A Snow Crash Movie?

YT From Snow Crash by Ruben Devela

Giant Freakin Robot has a piece about the director who will be working on a movie adaptation of Snow Crash, Neal Stephenson’s genre-creating novel from way back in 1992.  I have no real opinion on the director, but I really hope he can capture the sprawling, chaotic awesomeness that was the novel.  I fear that the limits of the movie form will mean that 98% of the novel will be lost in favor of a basic action movie with SF flavors.  It would be better as a trilogy, but that is perhaps too much to ask.

I’m not sure how any of Stephenson’s novels would make the transition to the screen, to be honest.  Though the The Baroque Cycle would make for a hell of a television serial.  (Oh please god do not let them make a movie out of those books).

 

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Anonymity in the Age of Panopticon

How would a person remain anonymous and/or protect her privacy in the age of endless tracking, database building and modelling by ever more sophisticated computers?  Currently our search engines and web providers have the ability to develop highly sophisticated models of our activities and interests.  Current commercial interests tend to focus on tailoring ads to reflect content, the trend is towards ever more nuanced information gathering and modelling.

The fact that we see ads directly relevant to our search terms or the content we are accessing is commonplace, on this site and almost everywhere else.  Content and interest oriented advertising is a rapidly growing field.  Imagine if the ads not only reflected your interest, but used models that reflect your attractions that are holding your favourite drink or wearing your style of clothing.  Historically advertising has always had to focus on broad demographics, aiming a particular magazine ad at a few generalizations about the readers.  Now ads and ad generating algorithms can or will create ads specifically targeted at an individual.

Most of us might not like the extreme targeting that might occur with ads, but very few of us would like it if our governments were using the same databases to build personality and relationship profiles to us.  For that matter, not many of us will like the idea of political ads specially tuned to create a specific response, depending on all the information in the database.  (The same party might show a very different variation of the same ad to different people, depending on their search history, news preferences, social network and a thousand other data).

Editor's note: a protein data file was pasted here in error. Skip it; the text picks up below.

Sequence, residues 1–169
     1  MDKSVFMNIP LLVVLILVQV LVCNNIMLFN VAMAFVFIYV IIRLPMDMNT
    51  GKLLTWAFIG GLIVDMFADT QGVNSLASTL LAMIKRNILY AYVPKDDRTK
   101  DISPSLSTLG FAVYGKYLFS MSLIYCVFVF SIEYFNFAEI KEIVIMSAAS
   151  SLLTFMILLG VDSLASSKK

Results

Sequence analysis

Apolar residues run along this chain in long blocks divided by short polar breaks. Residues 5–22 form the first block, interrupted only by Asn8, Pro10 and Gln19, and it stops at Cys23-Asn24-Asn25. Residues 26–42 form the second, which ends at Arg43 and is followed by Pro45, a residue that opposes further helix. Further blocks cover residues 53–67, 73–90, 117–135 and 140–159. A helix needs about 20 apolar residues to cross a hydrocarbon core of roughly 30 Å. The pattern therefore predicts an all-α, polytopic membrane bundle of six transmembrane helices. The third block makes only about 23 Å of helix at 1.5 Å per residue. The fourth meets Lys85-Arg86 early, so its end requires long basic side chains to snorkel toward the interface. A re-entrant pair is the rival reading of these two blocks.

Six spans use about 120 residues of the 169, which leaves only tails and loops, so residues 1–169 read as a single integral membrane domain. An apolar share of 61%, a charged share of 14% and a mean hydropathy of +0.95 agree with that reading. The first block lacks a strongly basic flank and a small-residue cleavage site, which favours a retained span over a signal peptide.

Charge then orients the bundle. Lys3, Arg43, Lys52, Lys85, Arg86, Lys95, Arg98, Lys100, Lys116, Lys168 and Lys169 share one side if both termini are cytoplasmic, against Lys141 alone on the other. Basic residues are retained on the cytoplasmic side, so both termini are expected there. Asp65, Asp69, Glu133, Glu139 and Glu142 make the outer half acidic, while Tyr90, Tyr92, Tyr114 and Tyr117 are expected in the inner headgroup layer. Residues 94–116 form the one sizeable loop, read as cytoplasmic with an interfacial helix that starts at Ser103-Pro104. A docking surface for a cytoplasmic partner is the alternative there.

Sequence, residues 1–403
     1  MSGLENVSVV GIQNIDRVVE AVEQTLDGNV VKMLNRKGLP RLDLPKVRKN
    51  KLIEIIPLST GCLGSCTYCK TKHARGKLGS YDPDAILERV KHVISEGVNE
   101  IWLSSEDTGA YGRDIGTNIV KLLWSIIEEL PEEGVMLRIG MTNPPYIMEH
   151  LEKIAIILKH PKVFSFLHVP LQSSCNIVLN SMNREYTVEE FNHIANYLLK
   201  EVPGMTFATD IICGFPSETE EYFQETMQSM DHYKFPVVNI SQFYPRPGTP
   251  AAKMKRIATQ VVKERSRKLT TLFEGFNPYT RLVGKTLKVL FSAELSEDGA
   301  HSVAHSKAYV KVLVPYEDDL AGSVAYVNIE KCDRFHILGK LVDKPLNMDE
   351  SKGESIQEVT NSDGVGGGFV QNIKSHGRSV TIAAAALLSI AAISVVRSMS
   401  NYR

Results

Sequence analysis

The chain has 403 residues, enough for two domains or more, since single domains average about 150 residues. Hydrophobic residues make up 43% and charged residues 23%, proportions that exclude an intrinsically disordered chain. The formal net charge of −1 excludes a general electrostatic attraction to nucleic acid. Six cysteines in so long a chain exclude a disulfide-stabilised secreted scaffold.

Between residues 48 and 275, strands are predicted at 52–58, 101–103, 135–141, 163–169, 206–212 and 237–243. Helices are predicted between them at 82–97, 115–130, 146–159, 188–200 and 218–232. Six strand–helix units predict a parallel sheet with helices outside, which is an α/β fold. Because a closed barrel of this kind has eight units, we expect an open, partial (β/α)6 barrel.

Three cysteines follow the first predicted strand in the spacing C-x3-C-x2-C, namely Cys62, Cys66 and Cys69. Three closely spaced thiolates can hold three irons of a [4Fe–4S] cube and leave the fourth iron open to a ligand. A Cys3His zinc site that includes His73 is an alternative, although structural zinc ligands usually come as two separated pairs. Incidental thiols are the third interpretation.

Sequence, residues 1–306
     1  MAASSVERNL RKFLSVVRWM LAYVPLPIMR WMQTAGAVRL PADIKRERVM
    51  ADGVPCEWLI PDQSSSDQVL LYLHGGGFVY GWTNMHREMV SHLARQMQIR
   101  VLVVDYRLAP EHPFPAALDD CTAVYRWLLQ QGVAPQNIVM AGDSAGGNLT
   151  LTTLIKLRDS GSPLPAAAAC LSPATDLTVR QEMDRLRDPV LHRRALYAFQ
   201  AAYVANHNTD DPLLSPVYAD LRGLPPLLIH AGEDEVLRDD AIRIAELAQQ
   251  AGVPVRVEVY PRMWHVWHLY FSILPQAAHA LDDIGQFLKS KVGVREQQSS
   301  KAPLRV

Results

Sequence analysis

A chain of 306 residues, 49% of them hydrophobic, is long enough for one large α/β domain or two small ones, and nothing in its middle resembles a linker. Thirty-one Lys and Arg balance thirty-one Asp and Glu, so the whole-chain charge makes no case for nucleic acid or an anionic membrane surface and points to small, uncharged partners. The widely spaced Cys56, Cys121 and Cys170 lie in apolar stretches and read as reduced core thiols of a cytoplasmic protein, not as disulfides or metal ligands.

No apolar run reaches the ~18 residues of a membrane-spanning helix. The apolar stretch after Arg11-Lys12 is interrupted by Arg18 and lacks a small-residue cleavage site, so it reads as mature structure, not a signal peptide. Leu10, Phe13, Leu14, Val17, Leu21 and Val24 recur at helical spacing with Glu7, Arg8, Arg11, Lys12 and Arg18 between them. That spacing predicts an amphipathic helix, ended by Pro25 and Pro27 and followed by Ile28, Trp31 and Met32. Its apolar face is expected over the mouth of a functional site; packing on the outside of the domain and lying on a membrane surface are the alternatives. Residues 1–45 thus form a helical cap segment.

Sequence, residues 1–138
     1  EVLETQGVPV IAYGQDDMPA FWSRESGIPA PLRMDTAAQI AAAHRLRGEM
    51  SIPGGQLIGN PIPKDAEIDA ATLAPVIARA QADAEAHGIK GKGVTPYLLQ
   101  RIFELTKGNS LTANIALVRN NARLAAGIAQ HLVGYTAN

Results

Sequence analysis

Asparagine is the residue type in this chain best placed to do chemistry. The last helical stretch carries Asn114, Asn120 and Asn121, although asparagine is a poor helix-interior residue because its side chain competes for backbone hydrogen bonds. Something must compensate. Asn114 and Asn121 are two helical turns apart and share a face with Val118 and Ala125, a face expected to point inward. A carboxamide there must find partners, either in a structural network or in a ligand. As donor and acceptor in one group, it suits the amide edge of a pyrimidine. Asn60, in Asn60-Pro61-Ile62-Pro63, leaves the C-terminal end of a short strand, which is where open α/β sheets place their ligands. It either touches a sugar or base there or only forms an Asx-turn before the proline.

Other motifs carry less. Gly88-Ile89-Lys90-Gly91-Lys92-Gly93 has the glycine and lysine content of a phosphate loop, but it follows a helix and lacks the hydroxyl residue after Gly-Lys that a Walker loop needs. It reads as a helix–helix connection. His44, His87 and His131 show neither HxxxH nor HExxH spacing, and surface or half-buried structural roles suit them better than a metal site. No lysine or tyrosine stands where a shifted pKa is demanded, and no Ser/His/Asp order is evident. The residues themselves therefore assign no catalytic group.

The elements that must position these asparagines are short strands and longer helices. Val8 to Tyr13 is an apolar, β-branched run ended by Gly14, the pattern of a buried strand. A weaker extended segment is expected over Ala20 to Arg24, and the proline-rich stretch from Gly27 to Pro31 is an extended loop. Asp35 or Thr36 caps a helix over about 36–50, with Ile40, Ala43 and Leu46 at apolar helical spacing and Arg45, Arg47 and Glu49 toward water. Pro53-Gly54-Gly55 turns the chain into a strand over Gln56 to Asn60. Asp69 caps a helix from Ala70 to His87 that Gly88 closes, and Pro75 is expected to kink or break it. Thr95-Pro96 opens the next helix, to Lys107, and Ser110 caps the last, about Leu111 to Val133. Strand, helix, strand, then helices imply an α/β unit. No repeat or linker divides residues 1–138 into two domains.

At deeper levels of detail, ads might be varied to reflect our mood depending on how our day or year might be going.  For example, if I were searching for divorce lawyers and single bedroom apartments, a political ad might seek to appeal to my frustration and anger.  If I were looking at cribs and strollers the ad might focus on my optimism.  This tendency to greater nuance and data collection is enough to get any conspiracy theorist into a froth.

All of this is very much the near future, and has been explored in various ways in science fiction.  A panopticon of (mostly profit oriented) surveillance over every nuance and detail of our lives is already becoming normal.  Where science fiction might get interesting is in exploring ways an individual, nefarious or not, might hide in plain sight.  Every system has its weaknesses, and humans are innately keen to exploit weaknesses in systems.  Early system hackers did things like scare buffalo so much they ran off a cliff, rather than merely killing them with weapons and risking injury.  Current system hackers have a much more complex system to engage with, and so are likely to have much more subtle and complex responses.

Some ideas for hiding in plain sight include:

  • Each individual maintaining an automated array of hundreds or thousands of randomized identities, so that each interaction is spoofed as a different identity and no meaningful profile could be created.  I wouldn’t be surprised if someone hasn’t already thought of this and put it into place.
  • Deep encryption of every interaction with the web, perhaps also using multiple identities.  The funny thing about encryption is that using it is a quite rational choice, and yet the mere fact of encryption is seen as evidence of nefarious intent by authorities.
  • Complete detachment from all electronic media.  The survivalist concept, ‘going off the grid’.  All well and good, but hardly forward looking.

There are a lot of juicy SF issues tied to the amazing mixed blessing we call the internet, and it is not at all certain what the end result will be.  I don’t think I can imagine disconnecting from the internet and electronic media now, especially since it is a significant part of my livelihood.  I suppose I’d best set about anonymizing myself.

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Robot Jogging Coach/ Agent of Terror

So a grad student has created a hovering robot to go running with, the idea being that it will help with setting a pace and motivation.  That is likely to work for some.